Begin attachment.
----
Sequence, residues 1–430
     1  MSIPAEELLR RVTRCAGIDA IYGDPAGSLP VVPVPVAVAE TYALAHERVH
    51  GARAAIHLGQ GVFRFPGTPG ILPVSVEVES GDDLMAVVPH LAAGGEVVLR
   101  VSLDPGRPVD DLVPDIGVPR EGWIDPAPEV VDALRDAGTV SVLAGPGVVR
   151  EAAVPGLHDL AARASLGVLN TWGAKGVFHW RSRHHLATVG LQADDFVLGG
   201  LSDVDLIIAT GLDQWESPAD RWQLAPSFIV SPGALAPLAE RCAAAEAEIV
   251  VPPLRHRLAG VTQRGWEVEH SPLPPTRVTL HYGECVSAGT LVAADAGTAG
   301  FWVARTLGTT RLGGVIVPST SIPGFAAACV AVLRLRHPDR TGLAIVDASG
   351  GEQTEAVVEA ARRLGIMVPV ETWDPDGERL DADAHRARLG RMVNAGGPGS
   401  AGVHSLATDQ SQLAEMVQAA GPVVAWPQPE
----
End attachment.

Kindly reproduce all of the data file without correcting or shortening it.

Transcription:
Sequence, residues 1–430
     1  MSIPAEELLR RVTRCAGIDA IYGDPAGSLP VVPVPVAVAE TYALAHERVH
    51  GARAAIHLGQ GVFRFPGTPG ILPVSVEVES GDDLMAVVPH LAAGGEVVLR
   101  VSLDPGRPVD DLVPDIGVPR EGWIDPAPEV VDALRDAGTV SVLAGPGVVR
   151  EAAVPGLHDL AARASLGVLN TWGAKGVFHW RSRHHLATVG LQADDFVLGG
   201  LSDVDLIIAT GLDQWESPAD RWQLAPSFIV SPGALAPLAE RCAAAEAEIV
   251  VPPLRHRLAG VTQRGWEVEH SPLPPTRVTL HYGECVSAGT LVAADAGTAG
   301  FWVARTLGTT RLGGVIVPST SIPGFAAACV AVLRLRHPDR TGLAIVDASG
   351  GEQTEAVVEA ARRLGIMVPV ETWDPDGERL DADAHRARLG RMVNAGGPGS
   401  AGVHSLATDQ SQLAEMVQAA GPVVAWPQPE